[time-nuts] Sinlge ADC multi-band receiver
jimlux at earthlink.net
Tue Apr 4 20:58:11 EDT 2017
On 4/4/17 4:21 PM, Attila Kinali wrote:
> On Tue, 4 Apr 2017 06:55:24 -0700
> jimlux <jimlux at earthlink.net> wrote:
>> So those folks were trying to use 1 ADC for all three bands, so they had
>> to choose a sampling rate that lets them separate the signals later in
>> But that ADC is a MAX104 - a 1GSPS, 8 bit converter - that draws 5 Watts!!!
>> I'm not sure that's a good trade against a 1 or 2 bit converter for each
>> band, in terms of the downstream data rate and processing.
> Honestly, I don't think the direct sampling approach is a good idea.
> It folds a lot of noise into the signal band.
in most of the designs, the noise is from the LNA, and is band limited,
so the additional noise from the amplifier chain is less. COnsider if
the LNA has 40dB gain and a 2 dB NF. Let's say all the other amps in the
chain have 5 dB NF.
The thermal noise into the next amp is -132 dBm/Hz. In order for the
5dB NF noise (-169 dBm/Hz) to get up high enough to be noticeable, say,
30dB, you'd have to fold 1000 times the sampling bandwidth. if the
sampling bandwidth is 40 MHz, to get the noise up high enough it would
have to extend to 40 GHz... I'll bet it doesn't<grin>
> You don't need a 1Gsps ADC for that, but if you want to keep all
> frequency bands completely seperate, even after sampling, a relatively
> high sampling rate is necessary. L1C/E1OS needs at least 14MHz,
> L2C needs 2MHz, E5 needs 50MHz.
I don't think keeping the bands together buys you much - you don't need
a multibit ADC for a signal that is below the noise floor. (unless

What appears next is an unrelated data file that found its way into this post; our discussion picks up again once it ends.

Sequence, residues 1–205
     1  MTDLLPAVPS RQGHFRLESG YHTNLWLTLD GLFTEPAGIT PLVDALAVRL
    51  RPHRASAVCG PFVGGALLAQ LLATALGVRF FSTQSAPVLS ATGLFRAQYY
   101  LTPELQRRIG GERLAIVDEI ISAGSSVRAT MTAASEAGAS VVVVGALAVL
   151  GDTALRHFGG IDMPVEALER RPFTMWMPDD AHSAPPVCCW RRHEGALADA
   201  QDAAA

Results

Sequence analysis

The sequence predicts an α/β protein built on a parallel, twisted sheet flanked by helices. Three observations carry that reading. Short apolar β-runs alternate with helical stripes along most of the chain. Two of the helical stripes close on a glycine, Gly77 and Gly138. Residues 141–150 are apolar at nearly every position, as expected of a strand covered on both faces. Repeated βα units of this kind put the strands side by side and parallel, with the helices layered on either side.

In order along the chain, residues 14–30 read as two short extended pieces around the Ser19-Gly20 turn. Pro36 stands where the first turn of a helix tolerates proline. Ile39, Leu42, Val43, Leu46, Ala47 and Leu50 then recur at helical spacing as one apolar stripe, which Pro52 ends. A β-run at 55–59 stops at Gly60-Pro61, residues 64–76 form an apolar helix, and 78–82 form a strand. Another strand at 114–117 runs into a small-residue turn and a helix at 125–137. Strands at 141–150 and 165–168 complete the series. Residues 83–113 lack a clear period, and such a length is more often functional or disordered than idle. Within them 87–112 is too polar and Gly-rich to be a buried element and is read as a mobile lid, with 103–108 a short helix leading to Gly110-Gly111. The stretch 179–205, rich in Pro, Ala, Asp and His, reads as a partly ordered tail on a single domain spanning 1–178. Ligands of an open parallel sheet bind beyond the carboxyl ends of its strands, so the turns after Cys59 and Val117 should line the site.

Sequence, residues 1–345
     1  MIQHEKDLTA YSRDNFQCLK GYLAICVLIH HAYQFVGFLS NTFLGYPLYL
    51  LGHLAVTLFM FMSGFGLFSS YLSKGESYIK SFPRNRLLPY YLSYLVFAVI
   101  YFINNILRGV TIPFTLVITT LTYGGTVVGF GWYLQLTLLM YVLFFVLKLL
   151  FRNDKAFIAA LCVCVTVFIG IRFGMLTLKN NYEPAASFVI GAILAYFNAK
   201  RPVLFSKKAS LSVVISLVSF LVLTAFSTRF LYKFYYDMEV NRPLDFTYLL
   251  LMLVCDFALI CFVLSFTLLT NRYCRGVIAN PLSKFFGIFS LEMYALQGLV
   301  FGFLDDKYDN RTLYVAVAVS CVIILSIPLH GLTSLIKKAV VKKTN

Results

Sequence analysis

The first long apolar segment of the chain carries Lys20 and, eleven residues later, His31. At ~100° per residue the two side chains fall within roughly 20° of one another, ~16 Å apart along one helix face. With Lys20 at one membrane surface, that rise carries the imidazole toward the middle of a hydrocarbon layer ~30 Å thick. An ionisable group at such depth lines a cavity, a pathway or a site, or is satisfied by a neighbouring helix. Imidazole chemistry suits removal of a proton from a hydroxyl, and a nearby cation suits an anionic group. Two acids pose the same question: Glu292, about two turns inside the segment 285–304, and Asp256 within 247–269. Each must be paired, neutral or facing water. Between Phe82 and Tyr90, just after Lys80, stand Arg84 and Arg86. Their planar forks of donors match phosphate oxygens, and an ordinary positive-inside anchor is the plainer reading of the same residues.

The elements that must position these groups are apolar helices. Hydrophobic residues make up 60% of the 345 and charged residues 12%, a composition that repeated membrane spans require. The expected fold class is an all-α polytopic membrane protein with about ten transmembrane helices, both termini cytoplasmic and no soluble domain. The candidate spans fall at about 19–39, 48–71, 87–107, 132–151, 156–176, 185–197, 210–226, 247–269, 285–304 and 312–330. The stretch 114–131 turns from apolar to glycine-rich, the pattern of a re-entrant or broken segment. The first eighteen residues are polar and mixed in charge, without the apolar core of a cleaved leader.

you're trying to reject strong interference signals, but that's a
different kind of receiver).
> The advantage of such a system would be that there is only a single
> path through the system for all signals, especially through the filters.
> Thus the variability of the differential phase shift between the
> frequency bands would be significantly reduced, which would result
> in better stability.
Oh, I'm not sure about that. It would depend on the filter kind and
If it's a SAW or BAW filter, it's all one "brick", but I think you'd
still need to calibrate the differential phase shift vs temp. And it
might be very predictable in a "measure 10 of them, and now you know the
characteristics of the next 1000"
Of course, that's the theory. Whether things work
> out this way in reality is a different question. What can be said for
> sure is, because of the high IF frequency of >200MHz, the standard tuner
> chips cannot be used anymore and the RX chain has to be build from
> "discrete" components,
There's a ton of integrated demodulator/ADC parts out there these days
that go up to 6GHz.
AD9361 for example
it will do 56 MHz BW through the IF, with 12 bit ADC feeding a 128 tap
FIR filter, etc.
which increases the BOM cost quite considerably.
> Attila Kinali
More information about the time-nuts